New York Times Current History; The European War, Vol 2, No. 3, June, 1915 eBook

This eBook from the Gutenberg Project consists of approximately 441 pages of information about New York Times Current History; The European War, Vol 2, No. 3, June, 1915.

A witness living at Baesrode was taken prisoner with 250 others and kept all night in a field.  The prisoners were released on the following morning.  This witness saw three corpses of civilians, and says that the Germans on Sunday, the 6th, plundered and destroyed the houses of those who had fled.  The Germans left on the following day, taking about thirty men with them, one a man of 72 years of age.

Later in the month civilians were again used as a screen, and there is evidence of other acts of outrage.


Alost was the scene of fighting between the Belgian and German Armies during the whole of the latter part of the month of September.  In connection with the fighting numerous cruelties appear to have been perpetrated by the German troops.

On Saturday, Sept. 11, a weaver was bayoneted in the street.  Another civilian was shot dead at his door on the same night.  On the following day the witness was taken prisoner together with thirty others.  The money of the prisoners was confiscated, and they were subsequently used as a screen for the German troops who were at that moment engaged in a conflict with the Belgian Army in the town itself.  The Germans burned a number of houses at this time.  Corpses of 14 civilians were seen in the streets on this occasion.

A well-educated witness, who visited the Wetteren Hospital shortly after this date, saw the dead bodies of a number of civilians belonging to Alost, and other civilians wounded.  One of these stated that he took refuge in the house of his sister-in-law; that the Germans dragged the people out of the house, which was on fire, seized him, threw him on the ground, and hit him on the head with the butt end of a rifle, and ran him through the thigh with a bayonet.  They then placed him with seventeen or eighteen others in front of the German troops, threatening them with revolvers.  They said that they were going to make the people of Alost pay for the losses sustained by the Germans.  At this hospital was an old woman of 80 completely transfixed by a bayonet.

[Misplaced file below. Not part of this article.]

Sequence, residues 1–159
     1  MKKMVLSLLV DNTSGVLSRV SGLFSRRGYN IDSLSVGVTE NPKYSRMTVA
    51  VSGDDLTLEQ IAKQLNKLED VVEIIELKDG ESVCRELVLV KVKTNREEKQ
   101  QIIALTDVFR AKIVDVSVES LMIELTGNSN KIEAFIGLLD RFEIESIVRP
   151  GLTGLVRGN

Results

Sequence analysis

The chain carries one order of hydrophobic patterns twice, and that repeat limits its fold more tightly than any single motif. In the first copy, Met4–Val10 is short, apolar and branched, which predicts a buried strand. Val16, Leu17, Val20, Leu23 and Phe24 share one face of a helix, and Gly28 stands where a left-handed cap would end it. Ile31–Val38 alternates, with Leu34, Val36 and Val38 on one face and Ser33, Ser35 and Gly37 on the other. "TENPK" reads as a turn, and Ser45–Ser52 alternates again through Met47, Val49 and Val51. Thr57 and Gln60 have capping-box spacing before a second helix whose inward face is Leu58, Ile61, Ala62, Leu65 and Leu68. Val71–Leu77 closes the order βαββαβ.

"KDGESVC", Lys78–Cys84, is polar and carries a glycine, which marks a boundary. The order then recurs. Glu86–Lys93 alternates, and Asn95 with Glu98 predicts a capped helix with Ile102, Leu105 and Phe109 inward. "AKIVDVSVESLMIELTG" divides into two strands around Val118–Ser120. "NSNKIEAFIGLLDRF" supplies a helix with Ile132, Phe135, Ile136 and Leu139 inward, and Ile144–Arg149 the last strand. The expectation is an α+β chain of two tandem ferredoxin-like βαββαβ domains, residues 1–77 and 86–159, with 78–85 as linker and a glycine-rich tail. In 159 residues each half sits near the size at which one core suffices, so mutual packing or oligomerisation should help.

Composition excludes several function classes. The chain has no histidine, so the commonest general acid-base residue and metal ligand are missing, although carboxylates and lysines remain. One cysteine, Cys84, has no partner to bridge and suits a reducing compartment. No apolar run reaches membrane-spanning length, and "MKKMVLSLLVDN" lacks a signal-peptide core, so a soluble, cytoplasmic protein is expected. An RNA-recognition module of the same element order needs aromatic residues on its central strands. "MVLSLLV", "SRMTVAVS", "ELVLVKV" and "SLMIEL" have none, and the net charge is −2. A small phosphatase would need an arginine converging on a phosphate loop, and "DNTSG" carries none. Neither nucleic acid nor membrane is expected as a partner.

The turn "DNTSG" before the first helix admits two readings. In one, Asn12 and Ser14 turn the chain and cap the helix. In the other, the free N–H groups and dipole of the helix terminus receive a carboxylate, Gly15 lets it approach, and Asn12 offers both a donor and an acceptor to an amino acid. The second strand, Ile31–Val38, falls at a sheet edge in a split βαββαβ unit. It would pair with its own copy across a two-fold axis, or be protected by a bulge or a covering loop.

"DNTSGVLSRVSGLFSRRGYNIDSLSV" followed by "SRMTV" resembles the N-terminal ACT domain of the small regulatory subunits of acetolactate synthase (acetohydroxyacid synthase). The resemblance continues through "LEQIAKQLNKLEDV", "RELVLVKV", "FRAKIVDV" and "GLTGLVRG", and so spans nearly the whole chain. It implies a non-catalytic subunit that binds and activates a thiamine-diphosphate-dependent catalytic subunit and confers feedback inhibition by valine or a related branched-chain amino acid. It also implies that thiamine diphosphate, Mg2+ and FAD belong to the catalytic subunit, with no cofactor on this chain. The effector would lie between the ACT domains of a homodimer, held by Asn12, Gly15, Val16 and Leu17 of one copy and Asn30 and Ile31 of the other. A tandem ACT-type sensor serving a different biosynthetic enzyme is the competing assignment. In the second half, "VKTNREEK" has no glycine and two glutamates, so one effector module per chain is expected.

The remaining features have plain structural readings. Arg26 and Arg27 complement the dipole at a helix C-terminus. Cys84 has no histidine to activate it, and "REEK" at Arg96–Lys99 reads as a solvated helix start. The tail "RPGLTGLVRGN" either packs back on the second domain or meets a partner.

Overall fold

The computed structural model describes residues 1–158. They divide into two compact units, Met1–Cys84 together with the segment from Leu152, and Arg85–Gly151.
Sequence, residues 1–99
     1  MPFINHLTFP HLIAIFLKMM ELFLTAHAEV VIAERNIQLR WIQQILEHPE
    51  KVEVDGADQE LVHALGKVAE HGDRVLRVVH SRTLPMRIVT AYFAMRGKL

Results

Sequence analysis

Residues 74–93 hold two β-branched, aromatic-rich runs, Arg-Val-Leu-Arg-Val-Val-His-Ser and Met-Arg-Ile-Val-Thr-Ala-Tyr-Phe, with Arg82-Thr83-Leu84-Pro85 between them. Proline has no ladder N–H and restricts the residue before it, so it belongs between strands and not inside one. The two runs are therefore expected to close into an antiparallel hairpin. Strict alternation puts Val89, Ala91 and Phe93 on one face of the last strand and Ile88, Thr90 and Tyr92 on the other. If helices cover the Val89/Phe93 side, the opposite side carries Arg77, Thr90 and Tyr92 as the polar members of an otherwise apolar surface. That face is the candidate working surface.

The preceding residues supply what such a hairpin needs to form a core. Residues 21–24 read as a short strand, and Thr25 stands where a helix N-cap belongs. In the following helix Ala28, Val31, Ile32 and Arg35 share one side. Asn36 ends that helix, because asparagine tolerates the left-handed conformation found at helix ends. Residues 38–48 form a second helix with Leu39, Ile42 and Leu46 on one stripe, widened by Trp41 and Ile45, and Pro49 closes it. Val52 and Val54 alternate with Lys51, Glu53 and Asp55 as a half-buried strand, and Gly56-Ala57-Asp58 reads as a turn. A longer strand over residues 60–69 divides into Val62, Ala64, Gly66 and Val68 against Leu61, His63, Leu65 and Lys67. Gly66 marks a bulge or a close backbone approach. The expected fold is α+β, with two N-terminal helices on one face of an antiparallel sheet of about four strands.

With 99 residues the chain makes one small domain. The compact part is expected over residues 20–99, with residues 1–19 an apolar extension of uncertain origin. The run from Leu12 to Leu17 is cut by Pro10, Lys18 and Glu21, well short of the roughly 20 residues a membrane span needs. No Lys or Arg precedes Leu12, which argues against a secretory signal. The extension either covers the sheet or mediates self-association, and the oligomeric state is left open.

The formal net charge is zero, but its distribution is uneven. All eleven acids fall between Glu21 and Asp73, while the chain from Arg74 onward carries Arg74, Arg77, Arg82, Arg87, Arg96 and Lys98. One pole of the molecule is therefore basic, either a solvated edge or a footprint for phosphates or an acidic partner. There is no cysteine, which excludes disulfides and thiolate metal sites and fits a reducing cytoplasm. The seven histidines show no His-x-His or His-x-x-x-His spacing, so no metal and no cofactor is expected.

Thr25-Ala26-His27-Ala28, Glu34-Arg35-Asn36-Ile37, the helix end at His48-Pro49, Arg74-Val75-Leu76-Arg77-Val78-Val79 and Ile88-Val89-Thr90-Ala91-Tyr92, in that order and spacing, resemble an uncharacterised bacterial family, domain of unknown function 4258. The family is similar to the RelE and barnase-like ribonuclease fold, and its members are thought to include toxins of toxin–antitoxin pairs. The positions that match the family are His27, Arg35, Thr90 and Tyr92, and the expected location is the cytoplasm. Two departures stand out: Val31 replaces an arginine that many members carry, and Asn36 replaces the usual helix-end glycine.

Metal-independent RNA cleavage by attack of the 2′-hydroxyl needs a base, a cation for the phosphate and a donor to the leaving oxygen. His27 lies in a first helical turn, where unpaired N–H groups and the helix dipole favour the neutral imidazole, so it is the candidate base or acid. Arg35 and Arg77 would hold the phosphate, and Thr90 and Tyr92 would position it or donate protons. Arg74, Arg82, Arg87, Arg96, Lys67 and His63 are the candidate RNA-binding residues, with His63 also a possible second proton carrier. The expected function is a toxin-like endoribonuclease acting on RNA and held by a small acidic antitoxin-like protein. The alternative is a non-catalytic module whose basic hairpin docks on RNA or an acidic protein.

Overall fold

Other crimes on noncombatants at Alost belong to the end of the month of September.  Many witnesses speak to the murder of harmless civilians.

In Binnenstraat the Germans broke open the windows of the houses and threw fluid inside, and the houses burst into flames.  Some of the inhabitants were burned to death.

The civilians were utilized on Saturday, Sept. 26, as a screen.  During their retreat the Germans fired twelve houses in Rue des Trois Clefs, and three civilians, whose names are given, were shot dead in that street after the firing of the houses.  On the following day a heap of nine dead civilians were lying in the Rue de l’Argent.

Similar outrages occurred at Erpe, a village a few miles from Alost, about the same date.  The village was deliberately burned.  The houses were plundered and some civilians were murdered.

Project Gutenberg
New York Times Current History; The European War, Vol 2, No. 3, June, 1915 from Project Gutenberg. Public domain.
Follow Us on Facebook